Science Collaborations Across Borders

In 2009, the Baker Institute Science and Technology Policy Program, Transnational China Project and Technology, Society and Public Policy Program hosted an international workshop to identify and examine key issues preventing fruitful scientific collaboration among researchers working on both sides of the Pacific Ocean. Officials from and scientists from universities in Beijing, Chapel Hill, Hong Kong, Houston, Los Angeles, Nanjing, Shanghai, Singapore, Taipei, Tainan, and Washington D.C. met at Rice University to discuss ways to facilitate scientific and engineering research across borders. While all of the participants shared an interest in improving cooperation in science and engineering research, a number of policy issues proved problematic. Difficulty in obtaining visas to attend science conferences, the framing of benign projects as security-sensitive, and even the decentralized research structure in the United States hindered collaboration with Asian partners. As cooperation between researchers in the United States and Asia increases in scale and importance, it is essential that any barriers to successful partnerships be identified and corrected.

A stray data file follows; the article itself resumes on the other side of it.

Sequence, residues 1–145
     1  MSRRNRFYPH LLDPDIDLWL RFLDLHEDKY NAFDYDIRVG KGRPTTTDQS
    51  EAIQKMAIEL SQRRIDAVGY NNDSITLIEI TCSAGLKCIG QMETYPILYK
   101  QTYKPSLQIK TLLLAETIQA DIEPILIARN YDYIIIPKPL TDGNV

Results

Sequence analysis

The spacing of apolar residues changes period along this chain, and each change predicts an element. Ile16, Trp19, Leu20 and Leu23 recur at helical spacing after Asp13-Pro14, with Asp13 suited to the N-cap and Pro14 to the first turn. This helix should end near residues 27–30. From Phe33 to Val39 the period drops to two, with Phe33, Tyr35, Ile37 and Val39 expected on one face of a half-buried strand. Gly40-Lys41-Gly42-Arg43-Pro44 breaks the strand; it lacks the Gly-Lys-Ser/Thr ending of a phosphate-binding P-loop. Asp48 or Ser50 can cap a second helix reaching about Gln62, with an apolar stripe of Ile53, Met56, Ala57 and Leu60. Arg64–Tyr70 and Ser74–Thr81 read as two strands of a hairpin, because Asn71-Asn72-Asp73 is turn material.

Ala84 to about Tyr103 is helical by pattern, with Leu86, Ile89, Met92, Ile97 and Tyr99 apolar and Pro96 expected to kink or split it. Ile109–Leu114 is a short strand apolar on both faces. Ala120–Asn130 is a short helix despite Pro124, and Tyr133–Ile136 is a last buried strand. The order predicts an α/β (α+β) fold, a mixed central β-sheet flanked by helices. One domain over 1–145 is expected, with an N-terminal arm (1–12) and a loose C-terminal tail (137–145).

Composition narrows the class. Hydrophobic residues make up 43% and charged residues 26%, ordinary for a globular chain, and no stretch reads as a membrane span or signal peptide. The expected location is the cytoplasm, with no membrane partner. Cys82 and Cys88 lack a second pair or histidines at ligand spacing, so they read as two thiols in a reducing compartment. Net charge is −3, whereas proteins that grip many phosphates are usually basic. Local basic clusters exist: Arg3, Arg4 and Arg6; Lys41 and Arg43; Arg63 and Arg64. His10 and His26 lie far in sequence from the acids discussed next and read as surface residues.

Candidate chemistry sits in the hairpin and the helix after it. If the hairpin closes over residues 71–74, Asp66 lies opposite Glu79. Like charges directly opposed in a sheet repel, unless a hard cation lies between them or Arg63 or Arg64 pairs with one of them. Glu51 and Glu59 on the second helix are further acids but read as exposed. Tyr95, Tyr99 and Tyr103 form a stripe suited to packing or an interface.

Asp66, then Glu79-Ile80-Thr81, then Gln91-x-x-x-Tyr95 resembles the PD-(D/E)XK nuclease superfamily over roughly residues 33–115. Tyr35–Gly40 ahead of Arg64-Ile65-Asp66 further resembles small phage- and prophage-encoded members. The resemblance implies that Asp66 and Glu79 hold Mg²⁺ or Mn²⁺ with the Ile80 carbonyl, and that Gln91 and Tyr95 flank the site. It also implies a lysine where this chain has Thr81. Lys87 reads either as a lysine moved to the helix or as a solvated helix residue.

The goal of the workshop was to develop a set of findings and recommendations based on the workshop deliberations that described best practices for collaborations; determined cultural and policy barriers; recommended actions for universities and granting agencies to promote collaboration; and showcased successful collaborations as models for practices in the future.

Support for this program was generously provided by the Richard Lounsbery Foundation. Additional travel support was sponsored by the Quantum Magnetism Lab, Krishna Palem's Lab, Evan Siemann's Lab, and senior fellow Neal F. Lane.

The full list of participants in the Science Collaborations Project is available here.